In the current industrialized food production network, most food suppliers rely on large, mono-crop farms that grow massive amounts of a single product and ship it around the globe. Food may travel thousands of miles over the course of days, weeks, or even months before it reaches our tables. Not only is this system strain on the environment, and on the cost to the consumer, but it also affects the quality of the food we put in our bodies.
Inside of a Food Computer, climate variables such as carbon dioxide, air temperature, humidity, dissolved oxygen, potential hydrogen, electrical conductivity, root-zone temperature, and more can be controlled and monitored. Usage specifications such as operational energy, water use, and mineral consumption can also be monitored and adjusted through electrical meters, flow sensors, and controllable chemical dosers throughout the growth period.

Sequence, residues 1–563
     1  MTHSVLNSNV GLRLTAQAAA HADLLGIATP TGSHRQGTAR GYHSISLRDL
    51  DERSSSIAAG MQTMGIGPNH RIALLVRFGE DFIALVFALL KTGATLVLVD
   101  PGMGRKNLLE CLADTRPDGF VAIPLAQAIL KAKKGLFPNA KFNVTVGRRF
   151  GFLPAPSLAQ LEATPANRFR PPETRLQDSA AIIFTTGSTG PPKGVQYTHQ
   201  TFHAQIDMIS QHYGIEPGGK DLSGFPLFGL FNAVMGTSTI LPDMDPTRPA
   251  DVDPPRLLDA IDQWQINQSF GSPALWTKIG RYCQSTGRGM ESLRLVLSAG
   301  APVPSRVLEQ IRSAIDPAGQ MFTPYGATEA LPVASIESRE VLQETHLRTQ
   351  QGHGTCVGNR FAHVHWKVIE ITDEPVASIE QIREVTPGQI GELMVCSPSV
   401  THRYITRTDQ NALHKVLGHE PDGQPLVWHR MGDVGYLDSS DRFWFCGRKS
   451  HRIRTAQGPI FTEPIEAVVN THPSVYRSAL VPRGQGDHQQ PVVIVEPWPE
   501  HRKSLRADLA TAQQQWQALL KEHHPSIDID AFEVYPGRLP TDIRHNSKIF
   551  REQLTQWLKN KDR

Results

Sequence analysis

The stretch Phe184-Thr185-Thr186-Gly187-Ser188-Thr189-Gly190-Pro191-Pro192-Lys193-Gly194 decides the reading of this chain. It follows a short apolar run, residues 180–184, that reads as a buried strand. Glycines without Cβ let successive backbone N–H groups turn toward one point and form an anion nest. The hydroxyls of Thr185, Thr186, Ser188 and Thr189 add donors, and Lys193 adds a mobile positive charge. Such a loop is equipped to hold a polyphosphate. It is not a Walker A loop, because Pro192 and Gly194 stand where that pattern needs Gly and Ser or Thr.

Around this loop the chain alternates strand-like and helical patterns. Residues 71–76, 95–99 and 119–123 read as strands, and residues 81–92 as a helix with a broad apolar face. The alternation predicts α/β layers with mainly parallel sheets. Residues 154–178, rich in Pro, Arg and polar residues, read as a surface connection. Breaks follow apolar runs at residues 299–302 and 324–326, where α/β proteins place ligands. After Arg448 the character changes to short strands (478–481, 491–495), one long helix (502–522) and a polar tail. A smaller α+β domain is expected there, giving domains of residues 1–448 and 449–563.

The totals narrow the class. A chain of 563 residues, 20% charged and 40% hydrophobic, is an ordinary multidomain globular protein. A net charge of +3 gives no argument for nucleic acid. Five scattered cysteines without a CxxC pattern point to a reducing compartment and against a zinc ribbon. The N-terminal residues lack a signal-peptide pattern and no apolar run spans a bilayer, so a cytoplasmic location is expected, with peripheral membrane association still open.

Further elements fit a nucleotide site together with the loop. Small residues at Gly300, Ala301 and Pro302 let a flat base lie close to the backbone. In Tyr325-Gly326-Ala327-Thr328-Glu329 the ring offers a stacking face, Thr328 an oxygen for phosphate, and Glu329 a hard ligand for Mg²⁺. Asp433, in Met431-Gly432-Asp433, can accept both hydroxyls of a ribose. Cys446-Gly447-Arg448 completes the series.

The complete set of conditions throughout a growth cycle can be thought of as a climate recipe, and each recipe produces unique phenotypic expressions, or physical qualities in different plants. Plants grown under different conditions may vary in color, size, texture growth rate, yield, flavor, and nutrient density. Food computers could be used program biotic and abiotic stresses, such as an induced drought, to create desired plant-based expressions. It would even be possible to monitor existing natural climates and program them into downloadable recipe that could be shared around the globe.
With the creation of climate recipes, food computer users can import successful climates that have been created, tested, and perfected by other users. The recipes can be customized and optimized for different taste or yield preferences and for various food production needs. Imagine growing water-loving tropical fruits in the middle of the desert, or sun-loving summer berries in the midst of a snowy Boston winter. With climate recipes, you can grow local from anywhere!